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Human Impacts

Butterfly Benefits

Value to the Ecosystem

  • Butterflies are indicators of a healthy environment and healthy ecosystems. If there are a lot of butterflies, then there is likely a wide range of other invertebrates
  • Butterflies contribute to pollination and pest control.
    • Pollinators, such as the Palos Verdes Blue, move pollen which then promotes reproduction. Pollination is vital to the growth of crops and thus critical to our survival. A lack of nutrition that is provided through these crops would lead to malnutrition and disease.
  • Butterflies are an important element of the food chain and are prey for birds, bats, and other animals that eat insects.
  • Butterflies are an important connector in the food chain of an ecosystem.

Value to Humans

  • People travel abroad to look for butterflies and the travel industry is a huge contributor to the economy.
  • Butterflies are used in classrooms to teach children about the process of metamorphosis.
  • Butterflies are model organisms used by ecologists for biological and scientific research (effects of climate change, flight patterns, the impact of habitat loss, fragmentation, etc.).

Past Human Impacts

Mass land development starting in the 1950s increased the human population on the Palos Verdes Peninsula and drastically decreased the Palos Verdes Blue Butterfly population. In 1953, the Peninsula was home to 6,500 people until the Great Lakes Carbon purchased 6,800 acres of the Peninsula with a plan to turn it into a brand new community, increasing the population to 54,000 residents. The development of elements such as a new shopping area, residential areas, and the Los Verdes Golf Course decimated the native land of the Palos Verdes Blue. The development of areas such as Rolling Hills Estates and Rancho Palos Verdes prove that humans benefit from the land that the butterflies occupy. Due to the high risk of wildfires in the area, humans also continue to conduct fire control practices that destroy the vegetation that contributes to the health of the butterflies such as their larval host plant (the plant that the emerging caterpillar uses as a source of food and where the butterfly will lay its eggs) known as the locoweed, slowly killing off the species. The species was the listed as endangered by the US Fish and Wildlife Service in 1980.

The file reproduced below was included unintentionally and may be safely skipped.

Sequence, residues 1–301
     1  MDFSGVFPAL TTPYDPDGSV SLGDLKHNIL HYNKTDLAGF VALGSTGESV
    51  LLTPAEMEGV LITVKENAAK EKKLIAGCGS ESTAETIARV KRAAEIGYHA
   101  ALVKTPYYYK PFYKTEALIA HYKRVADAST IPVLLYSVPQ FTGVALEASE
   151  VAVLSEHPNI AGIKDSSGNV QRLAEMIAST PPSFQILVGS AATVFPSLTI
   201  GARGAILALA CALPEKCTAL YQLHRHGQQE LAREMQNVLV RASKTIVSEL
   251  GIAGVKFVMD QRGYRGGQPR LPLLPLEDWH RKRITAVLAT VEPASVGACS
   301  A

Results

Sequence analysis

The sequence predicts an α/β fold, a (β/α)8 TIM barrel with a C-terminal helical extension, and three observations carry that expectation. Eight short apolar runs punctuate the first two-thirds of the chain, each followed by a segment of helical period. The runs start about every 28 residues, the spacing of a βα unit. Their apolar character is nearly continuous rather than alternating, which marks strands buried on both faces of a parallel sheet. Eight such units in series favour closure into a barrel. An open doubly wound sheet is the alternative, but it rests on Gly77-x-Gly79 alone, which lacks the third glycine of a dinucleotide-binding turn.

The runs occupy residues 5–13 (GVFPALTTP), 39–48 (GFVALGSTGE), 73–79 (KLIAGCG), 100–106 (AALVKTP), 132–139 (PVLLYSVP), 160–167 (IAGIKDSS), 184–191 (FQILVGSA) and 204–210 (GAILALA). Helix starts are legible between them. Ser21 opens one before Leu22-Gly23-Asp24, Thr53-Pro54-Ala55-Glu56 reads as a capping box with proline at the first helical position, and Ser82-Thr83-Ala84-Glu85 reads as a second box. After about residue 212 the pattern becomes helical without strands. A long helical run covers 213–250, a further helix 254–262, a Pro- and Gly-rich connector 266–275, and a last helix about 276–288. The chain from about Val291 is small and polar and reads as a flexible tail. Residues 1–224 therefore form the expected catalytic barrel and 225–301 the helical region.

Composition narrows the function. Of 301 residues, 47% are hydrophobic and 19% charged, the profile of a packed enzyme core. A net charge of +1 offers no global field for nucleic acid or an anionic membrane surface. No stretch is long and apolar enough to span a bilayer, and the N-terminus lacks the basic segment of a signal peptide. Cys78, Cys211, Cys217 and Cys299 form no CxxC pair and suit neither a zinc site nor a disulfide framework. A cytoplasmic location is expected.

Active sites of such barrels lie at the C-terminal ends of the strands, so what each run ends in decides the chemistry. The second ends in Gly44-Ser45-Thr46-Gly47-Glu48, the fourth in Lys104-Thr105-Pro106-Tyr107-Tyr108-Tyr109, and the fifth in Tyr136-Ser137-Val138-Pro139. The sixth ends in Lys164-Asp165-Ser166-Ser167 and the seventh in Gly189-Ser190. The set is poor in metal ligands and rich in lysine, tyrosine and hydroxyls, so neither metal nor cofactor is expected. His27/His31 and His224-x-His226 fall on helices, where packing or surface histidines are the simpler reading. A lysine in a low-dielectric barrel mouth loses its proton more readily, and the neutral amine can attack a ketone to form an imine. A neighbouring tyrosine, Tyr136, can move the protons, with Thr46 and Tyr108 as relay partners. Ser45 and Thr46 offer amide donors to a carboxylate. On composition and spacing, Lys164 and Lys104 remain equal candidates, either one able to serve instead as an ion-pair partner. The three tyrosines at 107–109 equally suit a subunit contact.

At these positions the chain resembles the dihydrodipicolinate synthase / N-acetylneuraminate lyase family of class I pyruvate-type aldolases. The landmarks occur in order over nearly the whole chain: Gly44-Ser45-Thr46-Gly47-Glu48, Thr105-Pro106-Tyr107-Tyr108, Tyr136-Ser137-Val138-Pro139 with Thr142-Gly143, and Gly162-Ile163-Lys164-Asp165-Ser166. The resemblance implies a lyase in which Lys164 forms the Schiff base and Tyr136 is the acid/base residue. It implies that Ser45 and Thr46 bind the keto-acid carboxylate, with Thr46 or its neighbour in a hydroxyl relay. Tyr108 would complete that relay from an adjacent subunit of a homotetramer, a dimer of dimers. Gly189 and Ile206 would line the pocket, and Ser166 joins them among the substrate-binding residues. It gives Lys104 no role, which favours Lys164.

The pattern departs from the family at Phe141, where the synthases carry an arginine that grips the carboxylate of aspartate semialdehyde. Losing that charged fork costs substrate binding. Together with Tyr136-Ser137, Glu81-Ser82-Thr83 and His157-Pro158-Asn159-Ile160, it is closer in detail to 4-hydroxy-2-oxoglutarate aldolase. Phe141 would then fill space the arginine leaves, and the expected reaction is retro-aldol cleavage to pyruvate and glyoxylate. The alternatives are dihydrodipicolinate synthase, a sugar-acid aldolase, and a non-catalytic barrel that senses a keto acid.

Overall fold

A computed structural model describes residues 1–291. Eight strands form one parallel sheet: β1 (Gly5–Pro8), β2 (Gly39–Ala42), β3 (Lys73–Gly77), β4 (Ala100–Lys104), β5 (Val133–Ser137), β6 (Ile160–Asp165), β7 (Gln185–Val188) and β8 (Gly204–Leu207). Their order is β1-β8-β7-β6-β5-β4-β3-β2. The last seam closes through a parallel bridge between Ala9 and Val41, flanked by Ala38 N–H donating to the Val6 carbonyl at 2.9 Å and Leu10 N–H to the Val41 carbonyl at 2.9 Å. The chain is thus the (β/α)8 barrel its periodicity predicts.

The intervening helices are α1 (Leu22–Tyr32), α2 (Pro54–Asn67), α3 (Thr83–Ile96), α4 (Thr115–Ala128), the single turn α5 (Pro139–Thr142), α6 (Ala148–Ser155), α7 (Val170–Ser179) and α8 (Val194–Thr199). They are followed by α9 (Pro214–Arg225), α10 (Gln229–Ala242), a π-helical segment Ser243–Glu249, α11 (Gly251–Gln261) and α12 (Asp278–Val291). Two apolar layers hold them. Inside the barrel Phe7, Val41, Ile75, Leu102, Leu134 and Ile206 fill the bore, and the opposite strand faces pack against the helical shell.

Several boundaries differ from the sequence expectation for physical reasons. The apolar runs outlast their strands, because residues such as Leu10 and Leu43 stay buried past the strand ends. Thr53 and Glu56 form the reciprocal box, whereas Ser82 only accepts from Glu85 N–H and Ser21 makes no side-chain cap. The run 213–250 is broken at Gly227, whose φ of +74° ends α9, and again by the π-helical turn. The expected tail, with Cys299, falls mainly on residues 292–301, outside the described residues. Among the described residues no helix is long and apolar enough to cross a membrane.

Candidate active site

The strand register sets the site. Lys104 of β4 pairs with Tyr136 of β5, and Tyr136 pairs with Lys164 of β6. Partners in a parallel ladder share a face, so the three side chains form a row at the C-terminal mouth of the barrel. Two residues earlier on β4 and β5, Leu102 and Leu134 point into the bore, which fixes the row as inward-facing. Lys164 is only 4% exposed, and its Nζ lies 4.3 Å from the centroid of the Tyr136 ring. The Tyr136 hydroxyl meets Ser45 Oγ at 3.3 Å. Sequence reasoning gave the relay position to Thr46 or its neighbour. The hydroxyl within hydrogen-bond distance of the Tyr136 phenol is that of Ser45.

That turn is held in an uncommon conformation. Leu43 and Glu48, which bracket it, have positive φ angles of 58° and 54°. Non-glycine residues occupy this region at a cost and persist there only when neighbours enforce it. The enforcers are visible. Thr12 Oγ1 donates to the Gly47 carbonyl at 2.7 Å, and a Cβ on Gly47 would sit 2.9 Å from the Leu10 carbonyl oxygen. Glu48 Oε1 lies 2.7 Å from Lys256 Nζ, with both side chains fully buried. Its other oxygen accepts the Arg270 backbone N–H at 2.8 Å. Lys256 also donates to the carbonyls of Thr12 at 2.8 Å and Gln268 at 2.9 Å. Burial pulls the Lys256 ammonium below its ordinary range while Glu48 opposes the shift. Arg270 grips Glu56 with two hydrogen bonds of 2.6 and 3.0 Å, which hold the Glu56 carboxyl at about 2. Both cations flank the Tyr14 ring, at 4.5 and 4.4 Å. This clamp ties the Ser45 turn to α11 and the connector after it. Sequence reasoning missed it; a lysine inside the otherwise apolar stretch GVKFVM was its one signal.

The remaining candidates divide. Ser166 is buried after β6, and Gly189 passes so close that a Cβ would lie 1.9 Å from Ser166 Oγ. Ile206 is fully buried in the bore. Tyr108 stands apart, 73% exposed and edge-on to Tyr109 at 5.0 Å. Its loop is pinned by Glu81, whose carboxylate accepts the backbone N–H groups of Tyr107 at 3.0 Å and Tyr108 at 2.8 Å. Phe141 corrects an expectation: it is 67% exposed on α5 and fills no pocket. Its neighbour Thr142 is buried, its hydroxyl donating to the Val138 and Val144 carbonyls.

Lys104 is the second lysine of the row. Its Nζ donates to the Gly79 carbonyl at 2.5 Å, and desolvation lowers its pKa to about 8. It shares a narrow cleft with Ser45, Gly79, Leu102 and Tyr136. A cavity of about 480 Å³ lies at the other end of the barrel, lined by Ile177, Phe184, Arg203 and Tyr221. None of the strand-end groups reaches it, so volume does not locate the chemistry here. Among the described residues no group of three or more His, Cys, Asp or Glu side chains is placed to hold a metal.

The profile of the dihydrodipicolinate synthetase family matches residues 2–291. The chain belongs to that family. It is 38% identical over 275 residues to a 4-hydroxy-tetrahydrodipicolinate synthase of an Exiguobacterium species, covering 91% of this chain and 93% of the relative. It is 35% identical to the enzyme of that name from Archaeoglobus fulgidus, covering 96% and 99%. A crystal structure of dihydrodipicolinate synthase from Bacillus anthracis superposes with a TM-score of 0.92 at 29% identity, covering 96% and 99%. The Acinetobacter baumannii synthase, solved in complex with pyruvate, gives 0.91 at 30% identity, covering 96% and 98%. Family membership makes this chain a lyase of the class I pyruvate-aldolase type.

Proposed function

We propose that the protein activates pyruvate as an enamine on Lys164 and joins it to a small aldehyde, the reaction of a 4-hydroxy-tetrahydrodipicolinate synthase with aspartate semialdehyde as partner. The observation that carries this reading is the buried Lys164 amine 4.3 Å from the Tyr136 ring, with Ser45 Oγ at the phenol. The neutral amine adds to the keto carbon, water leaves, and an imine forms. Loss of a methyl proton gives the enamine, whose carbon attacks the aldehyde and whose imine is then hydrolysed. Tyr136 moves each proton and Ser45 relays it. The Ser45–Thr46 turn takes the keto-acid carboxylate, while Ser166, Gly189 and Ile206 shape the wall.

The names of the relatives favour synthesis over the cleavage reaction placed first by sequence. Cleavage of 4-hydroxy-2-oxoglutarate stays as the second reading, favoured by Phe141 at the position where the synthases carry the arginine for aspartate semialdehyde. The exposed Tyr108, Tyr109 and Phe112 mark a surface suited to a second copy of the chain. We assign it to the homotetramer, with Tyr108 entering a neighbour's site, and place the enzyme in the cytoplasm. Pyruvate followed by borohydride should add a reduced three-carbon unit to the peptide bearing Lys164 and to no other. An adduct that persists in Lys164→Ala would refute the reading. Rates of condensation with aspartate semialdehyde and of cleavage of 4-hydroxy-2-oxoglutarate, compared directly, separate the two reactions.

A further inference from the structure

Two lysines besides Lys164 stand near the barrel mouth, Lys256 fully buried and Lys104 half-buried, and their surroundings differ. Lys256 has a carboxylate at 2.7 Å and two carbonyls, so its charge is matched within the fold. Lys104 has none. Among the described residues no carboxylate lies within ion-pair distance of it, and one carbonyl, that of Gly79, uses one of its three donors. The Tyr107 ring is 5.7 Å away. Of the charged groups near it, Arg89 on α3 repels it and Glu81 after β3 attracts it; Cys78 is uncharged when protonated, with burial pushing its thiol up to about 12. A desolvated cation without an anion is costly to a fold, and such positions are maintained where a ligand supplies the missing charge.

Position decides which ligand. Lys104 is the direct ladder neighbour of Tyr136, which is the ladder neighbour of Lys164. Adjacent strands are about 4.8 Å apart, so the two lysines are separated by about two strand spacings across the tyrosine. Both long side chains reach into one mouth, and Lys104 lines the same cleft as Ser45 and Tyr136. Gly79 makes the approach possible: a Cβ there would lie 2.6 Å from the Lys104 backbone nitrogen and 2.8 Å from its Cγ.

Palos Verdes road plan

rancho palos verdes ecological reserves

Current Positive Human Impacts

Aside from negatively impacting the species through urbanization, humans have established management areas to positively impact the Palos Verdes Blue through the process of mass rearing.

Cons of insect mass rearing:

  • inbreeding depression
  • crowding
  • artificial diets
  • laboratory adaptation

The Palos Verdes Blue Butterfly Management Area, proposed by the Soil Ecology Restoration Group, is a preserve that consists of ten acres used as a habitat that is suitable to restore the butterfly population.

Since 1995, mass rearing of the Palos Verdes Blue has been in effect and in 2008, 2,400 butterflies were raised at Moorpark College. In March of 2010, captive-bred butterflies were released at the Deane Dana Friendship Park in San Pedro, near the Palos Verdes Peninsula. Humans have led restoration efforts to keep the Palos Verdes Blue Butterfly species alive. Now, many organizations such as the U.S. Navy, U.S. Defense Logistics Agency, California Department of Fish and Game, The Urban Wildlands Group, and Palos Verdes Peninsula Land Conservancy are working proactively to assist in the recovery of the Palos Verdes Blue Butterfly.

Moorpark College caring for captive-reared Palos Verdes Blue Butterflies.
Palos Verdes Blue Butterflies being released by Moorpark College Faculty Aids


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